When I finish one, she encourages me, "Another one! Try again!" When one strikes her fancy, she asks me to repeat it several times until she can sing or chant along. I love how intently she watches my mouth while she's learning the words. She likes to act the rhymes out when possible, like jumping over an object on the floor every time I say "Jack be nimble, Jack be quick."

She can sing/say more of the Slovak ones that we sing, too. Her versions of "Prší prší" and "Varila myšička kašičku" are pretty recognizable. I really like how, even though she can't remember all of the (very similar sounding) words on the second one, her intonation is spot on: "tomu dala NA [lyžičku], tomu dala NA [vidličku]..." It sounds very Slovak. :)


Yesterday as we were getting ready, K asked me to "čes" her hair. "Mama česing me." "Apo no čes me." Česať means to brush (hair). This is totally the sort of mixing I accidentally do - like "čeking" for "waiting".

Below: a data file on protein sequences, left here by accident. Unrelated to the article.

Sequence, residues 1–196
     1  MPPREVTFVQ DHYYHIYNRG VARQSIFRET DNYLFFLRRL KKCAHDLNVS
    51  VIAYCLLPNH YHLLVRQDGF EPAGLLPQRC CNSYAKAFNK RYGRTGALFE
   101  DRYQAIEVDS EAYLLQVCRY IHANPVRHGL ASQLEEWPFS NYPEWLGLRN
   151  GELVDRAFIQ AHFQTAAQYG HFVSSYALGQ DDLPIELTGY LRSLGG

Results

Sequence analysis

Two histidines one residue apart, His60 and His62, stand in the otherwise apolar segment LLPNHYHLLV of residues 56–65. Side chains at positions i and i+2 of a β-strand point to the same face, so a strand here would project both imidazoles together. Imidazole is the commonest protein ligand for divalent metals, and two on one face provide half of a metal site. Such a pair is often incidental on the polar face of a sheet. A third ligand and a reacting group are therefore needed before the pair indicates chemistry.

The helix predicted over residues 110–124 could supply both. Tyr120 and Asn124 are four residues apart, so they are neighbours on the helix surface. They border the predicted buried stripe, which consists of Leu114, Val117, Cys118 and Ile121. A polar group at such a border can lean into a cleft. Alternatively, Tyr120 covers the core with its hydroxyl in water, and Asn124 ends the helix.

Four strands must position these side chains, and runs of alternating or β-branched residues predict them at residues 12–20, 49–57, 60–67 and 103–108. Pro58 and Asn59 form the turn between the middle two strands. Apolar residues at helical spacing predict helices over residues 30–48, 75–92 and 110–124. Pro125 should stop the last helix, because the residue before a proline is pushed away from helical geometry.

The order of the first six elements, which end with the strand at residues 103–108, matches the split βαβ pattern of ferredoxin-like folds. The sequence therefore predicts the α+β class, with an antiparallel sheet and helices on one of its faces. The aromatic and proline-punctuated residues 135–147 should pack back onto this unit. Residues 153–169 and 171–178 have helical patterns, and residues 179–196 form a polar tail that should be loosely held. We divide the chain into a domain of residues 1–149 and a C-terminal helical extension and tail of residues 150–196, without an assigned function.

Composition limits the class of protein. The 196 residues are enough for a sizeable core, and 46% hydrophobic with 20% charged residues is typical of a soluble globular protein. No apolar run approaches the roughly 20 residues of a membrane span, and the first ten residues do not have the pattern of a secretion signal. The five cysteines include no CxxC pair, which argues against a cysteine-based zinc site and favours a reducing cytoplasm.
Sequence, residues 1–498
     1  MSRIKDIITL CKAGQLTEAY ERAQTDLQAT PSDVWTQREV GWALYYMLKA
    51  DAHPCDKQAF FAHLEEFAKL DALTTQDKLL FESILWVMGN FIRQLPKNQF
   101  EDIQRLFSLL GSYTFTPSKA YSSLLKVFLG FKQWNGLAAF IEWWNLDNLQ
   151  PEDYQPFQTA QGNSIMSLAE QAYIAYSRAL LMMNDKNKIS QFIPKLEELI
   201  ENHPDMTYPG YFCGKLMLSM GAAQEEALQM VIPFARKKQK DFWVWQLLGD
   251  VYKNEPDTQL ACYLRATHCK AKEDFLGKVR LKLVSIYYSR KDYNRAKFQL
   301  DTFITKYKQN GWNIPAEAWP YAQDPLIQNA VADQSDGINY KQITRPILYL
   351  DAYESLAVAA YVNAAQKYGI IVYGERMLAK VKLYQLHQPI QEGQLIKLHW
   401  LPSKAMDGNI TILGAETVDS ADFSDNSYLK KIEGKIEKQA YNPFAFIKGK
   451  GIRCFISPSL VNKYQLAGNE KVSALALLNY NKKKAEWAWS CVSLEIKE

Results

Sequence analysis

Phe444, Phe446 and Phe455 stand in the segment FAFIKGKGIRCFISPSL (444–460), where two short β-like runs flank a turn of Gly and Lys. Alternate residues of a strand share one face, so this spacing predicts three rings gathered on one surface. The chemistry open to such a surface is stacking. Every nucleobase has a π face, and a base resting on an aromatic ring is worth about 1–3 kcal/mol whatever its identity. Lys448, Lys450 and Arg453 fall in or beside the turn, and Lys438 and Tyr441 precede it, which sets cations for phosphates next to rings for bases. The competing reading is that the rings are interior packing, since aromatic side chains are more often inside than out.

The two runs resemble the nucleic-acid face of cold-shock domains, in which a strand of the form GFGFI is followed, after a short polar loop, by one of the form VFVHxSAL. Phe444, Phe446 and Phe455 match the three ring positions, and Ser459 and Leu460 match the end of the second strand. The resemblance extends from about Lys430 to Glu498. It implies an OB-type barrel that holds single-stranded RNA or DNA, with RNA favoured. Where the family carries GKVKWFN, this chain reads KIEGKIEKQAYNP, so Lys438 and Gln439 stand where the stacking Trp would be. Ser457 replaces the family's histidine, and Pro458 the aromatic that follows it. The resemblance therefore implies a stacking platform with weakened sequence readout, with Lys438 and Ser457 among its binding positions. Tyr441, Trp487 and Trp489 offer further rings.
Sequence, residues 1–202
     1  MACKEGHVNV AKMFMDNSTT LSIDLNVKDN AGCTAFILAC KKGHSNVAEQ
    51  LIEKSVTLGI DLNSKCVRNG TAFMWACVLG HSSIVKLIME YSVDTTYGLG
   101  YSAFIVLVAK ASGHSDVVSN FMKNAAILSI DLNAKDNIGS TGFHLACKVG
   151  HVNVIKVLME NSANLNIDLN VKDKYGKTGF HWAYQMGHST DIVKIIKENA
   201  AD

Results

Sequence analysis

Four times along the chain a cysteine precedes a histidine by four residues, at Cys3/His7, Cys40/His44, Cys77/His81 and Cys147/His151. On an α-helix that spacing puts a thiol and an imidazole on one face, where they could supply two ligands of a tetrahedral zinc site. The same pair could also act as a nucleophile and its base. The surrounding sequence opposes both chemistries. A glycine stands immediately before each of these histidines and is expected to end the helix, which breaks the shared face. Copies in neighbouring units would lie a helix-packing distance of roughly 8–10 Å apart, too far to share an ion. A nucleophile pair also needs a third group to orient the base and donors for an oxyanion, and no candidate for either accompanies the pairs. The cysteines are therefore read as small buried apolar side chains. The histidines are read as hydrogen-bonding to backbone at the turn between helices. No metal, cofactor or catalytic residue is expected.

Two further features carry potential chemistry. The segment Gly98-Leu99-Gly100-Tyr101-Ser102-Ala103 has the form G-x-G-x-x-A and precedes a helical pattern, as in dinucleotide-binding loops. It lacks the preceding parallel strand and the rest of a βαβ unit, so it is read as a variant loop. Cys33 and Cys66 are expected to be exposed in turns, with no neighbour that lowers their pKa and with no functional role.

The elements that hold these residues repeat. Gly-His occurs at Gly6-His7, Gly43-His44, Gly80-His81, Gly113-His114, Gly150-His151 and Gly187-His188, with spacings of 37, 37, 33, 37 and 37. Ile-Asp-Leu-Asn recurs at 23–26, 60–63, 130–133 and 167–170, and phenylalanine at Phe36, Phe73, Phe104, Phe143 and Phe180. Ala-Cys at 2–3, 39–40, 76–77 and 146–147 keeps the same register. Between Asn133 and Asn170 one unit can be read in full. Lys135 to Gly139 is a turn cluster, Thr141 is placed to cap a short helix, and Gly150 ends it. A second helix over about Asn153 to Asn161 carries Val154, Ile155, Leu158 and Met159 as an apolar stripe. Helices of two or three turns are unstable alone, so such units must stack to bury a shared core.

Not long til moving day now. Stuff gets packed up a week from today and we fly out a few days after that. Buying a few last-minute things we want to get before leaving England for good. Need to get fish and chips, I think. And order some Indian.


Wednesday, September 15, 2010

I have a present for you

Use it well.

This is an old Czech song that's had a major revival on the Polish internet in the last few years. Take a look at Jožin z bažin, a Czech song presented with Polish subtitles! Does that not break your language brain?

(It's like the time I told someone calling me from America

Me: "I'm just watching a Polish movie."
Them: *strangled sound*
Me: "What? No, it's not in Polish. It's dubbed into Czech."
Them: *strangled sound indicating that's not much more normal* )

Jožin z bažin is actually pretty funny, so here's a version with English subtitles if you're interested. Give it at least until the guy starts dancing (just under 30 seconds in).